In many ways, having a child is an exercise in humiliation. Like, don’t get it twisted: We love those little jerks. But they can be really, profoundly embarrassing. From raging tantrums that came out of nowhere (nowhere!) in the middle of the produce section, to shouting about bodily functions in restaurants, to being seemingly hellbent on breaking everything wherever you go, kids are like tiny versions of your sloppy drunk friend that you have to take care of. You’re left somewhere between apologizing for her and trying to just get her through whatever the hell confusing thing she’s doing.
But while an apologetic glance to strangers with their varying degrees of sympathy can usually be warranted (and appreciated), there are some things about being a mom that we should never, ever feel obligated to apologize for. Basically, these things break down into a few basic categories:
Time to dust off your trust old #sorrynotsorry hashtag, because these are some things you should give none of the eff’s about, ever.
Oh yes, that sense that everyone wants you to justify the choices you make as a mother start early. Whether you’re choosing an unmedicated vaginal birth, a vaginal birth with an epidural, a planned c-section, a VBAC, birth via surrogate, or adoption, someone is going to imply or straight-up tell you you’re doing it wrong. There’s literally not one part of your birth plan that can’t be disputed as misguided at best or downright damaging at worst, and if you leave yourself open to that kind of input, you’re undoubtedly going to hear it.
Here’s the good news: How you become a parent is absolutely no one’s business. You don’t need to explain yourself or argue your case. Even if the person you’re talking to has kids themselves. Even if the person you’re talking to is a doctor or birth expert. Unless they’re your chosen doctor or midwife, screw them and their smug, judgmental faces. Can you imagine if any other health care decision were treated to as much scrutiny as any aspect of women’s reproductive care? I’d love to see message boards full of sanctimonious people who think they’re experts because they’ve Googled a lot on the subject go on about the ethics of plantar’s wart removal.
When it comes to babies, whether you’re talking about how you feed your child or where you feed your child, you owe absolutely no one an apology nor any moment of your guilt for doing what you need to do or have chosen to do to make sure your child receives proper nutrition. And shock of shocks: There are lots of different ways to deliver nutritious food to a baby! Women don’t breastfeed to make you uncomfortable, random stranger in Starbucks who can’t keep his mouth shut. Other moms don’t formula feed because they think, “Hmmm… I’d like to poison my baby with chemicals, but rat poison is too expensive.” We all want the same thing: fat, happy bebbehs! Frankly, even as kids get older, what you allow them to eat or not eat is really no one else’s business —that’s between you, your kid, and potentially their pediatrician. Food politics are weird in and of themselves — everyone feels entitled to have a say in what other people put in their bodies —but throw parenting in the mix and we’re at Helen Lovejoy levels of pearl clutching.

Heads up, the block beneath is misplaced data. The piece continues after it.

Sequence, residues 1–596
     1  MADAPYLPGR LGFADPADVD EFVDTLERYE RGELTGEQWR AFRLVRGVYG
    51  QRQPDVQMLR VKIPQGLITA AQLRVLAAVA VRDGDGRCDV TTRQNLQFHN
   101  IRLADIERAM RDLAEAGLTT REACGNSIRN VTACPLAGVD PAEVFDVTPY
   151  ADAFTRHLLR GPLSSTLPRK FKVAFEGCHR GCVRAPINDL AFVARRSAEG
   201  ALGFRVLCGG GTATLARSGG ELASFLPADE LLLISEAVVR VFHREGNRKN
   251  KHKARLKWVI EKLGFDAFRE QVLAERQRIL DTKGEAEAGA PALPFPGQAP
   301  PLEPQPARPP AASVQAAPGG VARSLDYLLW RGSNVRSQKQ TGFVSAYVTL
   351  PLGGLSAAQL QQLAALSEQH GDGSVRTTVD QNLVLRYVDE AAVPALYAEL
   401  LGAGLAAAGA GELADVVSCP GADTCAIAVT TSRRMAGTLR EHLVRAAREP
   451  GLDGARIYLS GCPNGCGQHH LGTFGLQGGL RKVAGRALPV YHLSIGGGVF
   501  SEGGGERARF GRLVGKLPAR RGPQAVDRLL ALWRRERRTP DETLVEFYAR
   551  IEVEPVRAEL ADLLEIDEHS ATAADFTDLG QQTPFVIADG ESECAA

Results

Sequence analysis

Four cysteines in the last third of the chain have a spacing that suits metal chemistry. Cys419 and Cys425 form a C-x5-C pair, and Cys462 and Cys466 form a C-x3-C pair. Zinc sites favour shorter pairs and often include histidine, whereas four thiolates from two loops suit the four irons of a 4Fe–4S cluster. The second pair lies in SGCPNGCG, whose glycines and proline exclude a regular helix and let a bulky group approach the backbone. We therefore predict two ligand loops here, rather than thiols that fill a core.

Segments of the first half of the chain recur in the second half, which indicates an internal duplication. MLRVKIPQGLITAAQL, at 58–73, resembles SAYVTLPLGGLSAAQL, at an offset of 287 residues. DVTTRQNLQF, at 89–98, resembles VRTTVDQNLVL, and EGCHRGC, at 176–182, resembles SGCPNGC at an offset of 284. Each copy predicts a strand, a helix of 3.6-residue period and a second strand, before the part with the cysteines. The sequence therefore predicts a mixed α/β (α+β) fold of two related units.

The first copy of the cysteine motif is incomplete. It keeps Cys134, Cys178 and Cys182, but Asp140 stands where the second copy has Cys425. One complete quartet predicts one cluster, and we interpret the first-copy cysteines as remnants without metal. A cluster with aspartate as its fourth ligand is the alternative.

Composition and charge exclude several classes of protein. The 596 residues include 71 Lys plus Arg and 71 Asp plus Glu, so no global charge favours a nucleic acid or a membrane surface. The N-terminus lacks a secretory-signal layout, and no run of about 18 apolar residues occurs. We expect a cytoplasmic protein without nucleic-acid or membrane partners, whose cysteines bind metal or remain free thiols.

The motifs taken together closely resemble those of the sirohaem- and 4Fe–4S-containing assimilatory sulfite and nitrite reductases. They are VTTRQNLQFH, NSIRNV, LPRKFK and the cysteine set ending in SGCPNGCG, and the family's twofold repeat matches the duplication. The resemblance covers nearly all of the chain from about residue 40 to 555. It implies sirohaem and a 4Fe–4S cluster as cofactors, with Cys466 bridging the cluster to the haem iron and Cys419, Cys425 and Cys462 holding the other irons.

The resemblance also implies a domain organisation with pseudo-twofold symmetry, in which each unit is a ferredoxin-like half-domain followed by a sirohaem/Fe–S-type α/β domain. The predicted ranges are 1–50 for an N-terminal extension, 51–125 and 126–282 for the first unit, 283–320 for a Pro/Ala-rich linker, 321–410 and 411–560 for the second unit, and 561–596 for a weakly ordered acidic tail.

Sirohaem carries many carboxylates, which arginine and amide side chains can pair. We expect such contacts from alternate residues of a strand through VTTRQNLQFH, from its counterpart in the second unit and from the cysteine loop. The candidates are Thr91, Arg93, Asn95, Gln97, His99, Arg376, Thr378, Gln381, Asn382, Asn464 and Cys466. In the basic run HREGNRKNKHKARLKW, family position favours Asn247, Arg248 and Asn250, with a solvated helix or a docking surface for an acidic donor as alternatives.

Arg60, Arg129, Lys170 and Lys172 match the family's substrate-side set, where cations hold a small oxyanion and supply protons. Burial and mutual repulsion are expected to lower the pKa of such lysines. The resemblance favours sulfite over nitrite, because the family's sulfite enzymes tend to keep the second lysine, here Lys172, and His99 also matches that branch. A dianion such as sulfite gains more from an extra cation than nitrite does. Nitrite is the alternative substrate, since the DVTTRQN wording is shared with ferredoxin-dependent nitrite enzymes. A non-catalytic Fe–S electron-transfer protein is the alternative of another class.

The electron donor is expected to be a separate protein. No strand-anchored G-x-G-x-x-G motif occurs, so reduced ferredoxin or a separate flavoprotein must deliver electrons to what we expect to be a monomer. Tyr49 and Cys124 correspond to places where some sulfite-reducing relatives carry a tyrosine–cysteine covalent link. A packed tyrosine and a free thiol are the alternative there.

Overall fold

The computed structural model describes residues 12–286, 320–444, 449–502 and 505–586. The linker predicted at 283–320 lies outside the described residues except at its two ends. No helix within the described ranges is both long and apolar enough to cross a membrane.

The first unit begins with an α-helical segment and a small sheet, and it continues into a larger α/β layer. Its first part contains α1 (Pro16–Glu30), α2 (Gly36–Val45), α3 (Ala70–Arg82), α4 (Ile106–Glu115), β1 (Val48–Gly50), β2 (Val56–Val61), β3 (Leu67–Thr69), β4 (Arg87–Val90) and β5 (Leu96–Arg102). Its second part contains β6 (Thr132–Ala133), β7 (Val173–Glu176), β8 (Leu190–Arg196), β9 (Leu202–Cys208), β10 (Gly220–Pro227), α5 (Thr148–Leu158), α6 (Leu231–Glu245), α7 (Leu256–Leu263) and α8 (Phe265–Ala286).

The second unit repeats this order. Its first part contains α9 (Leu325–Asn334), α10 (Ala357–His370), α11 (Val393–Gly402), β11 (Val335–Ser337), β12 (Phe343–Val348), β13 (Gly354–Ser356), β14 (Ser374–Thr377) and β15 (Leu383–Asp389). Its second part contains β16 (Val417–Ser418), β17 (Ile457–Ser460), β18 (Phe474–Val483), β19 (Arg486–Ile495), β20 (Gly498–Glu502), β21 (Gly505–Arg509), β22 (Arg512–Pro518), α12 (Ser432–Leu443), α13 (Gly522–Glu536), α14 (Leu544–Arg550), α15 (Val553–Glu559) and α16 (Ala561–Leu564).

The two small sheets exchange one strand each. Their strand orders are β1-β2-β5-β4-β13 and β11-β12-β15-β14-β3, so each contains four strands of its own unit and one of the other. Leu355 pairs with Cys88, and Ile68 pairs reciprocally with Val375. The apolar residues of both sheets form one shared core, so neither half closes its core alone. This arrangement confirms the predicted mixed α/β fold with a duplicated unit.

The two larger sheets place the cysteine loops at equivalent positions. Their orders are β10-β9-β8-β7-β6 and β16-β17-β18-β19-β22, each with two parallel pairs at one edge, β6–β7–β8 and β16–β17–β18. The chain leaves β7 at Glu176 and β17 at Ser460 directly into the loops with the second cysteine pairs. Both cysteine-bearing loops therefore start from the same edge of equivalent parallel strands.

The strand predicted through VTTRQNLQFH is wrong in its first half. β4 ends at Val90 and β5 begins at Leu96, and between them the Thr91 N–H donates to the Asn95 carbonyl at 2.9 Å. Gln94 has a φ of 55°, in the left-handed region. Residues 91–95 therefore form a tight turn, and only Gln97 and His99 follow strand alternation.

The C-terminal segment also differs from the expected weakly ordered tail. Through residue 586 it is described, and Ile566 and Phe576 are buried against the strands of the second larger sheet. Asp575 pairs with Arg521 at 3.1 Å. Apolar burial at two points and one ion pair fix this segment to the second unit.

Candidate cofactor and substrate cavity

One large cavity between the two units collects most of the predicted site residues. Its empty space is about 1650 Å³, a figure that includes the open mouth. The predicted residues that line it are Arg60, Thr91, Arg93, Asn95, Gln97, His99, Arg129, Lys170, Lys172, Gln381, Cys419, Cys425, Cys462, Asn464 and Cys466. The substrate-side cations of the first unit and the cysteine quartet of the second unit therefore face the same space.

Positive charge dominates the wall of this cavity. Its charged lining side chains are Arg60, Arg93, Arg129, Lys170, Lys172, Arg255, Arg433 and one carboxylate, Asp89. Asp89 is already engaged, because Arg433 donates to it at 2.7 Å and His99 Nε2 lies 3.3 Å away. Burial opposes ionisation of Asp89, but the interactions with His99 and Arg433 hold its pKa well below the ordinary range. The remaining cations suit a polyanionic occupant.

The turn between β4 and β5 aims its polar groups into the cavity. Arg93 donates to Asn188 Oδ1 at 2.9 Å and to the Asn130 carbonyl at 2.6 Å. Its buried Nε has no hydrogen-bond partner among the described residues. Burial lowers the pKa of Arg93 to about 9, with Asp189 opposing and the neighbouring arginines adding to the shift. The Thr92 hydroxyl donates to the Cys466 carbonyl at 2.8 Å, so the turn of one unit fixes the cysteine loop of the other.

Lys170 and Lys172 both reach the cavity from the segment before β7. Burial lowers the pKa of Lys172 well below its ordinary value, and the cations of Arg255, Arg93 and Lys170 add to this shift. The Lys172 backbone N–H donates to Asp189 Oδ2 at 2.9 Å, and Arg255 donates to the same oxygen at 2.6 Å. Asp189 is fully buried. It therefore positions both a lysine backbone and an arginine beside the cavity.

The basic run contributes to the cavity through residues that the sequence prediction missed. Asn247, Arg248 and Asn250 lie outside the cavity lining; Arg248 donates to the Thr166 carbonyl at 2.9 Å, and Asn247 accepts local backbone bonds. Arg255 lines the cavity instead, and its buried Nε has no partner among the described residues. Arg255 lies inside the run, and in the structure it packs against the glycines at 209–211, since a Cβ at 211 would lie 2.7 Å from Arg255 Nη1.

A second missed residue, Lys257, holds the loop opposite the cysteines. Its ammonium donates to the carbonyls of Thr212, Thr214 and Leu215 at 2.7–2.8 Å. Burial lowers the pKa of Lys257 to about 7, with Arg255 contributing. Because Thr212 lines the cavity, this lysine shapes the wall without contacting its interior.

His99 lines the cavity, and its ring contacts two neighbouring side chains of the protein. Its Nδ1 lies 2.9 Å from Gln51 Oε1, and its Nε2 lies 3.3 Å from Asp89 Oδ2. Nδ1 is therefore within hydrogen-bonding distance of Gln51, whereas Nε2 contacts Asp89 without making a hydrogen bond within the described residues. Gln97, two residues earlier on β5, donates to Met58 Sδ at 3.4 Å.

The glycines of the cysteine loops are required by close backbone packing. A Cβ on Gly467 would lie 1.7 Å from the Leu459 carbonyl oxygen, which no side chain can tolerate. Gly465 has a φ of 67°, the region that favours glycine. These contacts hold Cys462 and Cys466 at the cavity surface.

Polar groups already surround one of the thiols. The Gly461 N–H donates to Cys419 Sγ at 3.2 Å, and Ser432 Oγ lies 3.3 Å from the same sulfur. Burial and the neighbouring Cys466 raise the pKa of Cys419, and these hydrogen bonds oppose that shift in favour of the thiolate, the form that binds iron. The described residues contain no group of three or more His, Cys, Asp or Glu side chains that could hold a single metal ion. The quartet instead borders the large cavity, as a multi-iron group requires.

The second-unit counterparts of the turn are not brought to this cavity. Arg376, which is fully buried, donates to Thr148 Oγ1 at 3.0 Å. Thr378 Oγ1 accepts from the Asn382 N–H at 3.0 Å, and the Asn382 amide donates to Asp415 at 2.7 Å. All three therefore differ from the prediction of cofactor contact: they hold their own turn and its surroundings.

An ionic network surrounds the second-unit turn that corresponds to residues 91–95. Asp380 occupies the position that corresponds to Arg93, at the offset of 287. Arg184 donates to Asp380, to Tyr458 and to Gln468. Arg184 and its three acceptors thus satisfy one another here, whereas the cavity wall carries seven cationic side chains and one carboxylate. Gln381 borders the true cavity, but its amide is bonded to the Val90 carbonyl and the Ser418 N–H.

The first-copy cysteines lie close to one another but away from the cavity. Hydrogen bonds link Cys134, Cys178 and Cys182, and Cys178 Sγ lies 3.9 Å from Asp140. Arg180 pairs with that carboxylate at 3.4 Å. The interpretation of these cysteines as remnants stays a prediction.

Don’t apologize to the Helen Lovejoys of the world. Feed your kid what and when you need to.
I don’t mean to blow anyone’s minds here, but when you, an adult human, go out in public, you are going to have to deal with — wait for it — other members of the public. Shockingly, other members of the public include children. It’s true, aside from certain Greek goddesses, no one springs into the world as a fully-formed adult. It always cracks me up that people get all indignant about having to deal with “entitled” parents bringing their children in a restaurant/on a plane/wherever as though acting like you are owed a child-free environment isn’t the epitome of entitlement. If your kid is pitching a fit or has just flung food somewhere or whatever, of course, apologize. But if your kid is keeping to himself and/or you are dealing with a situation appropriately and to the best of your ability, you don’t have to apologize for existing in a family-friendly public space.
Pre-kids, if you called me up and were like, “Hey, it’s 8:30 on a Tuesday. My company is throwing this tequila cocktail party in the Village — are you down?” I’d be like “Woooo!” and then I’d change into my cute shoes and cute skirt at the office and I’d be there in 15 minutes. Post-kids, if you called me up at 8:30 on a Tuesday, my kids are finally asleep and for the first time in 14 hours I don’t have another human being hanging off me. Sorry dudes, I can’t. I physically can’t. The spirit is willing but the flesh is so, so weak.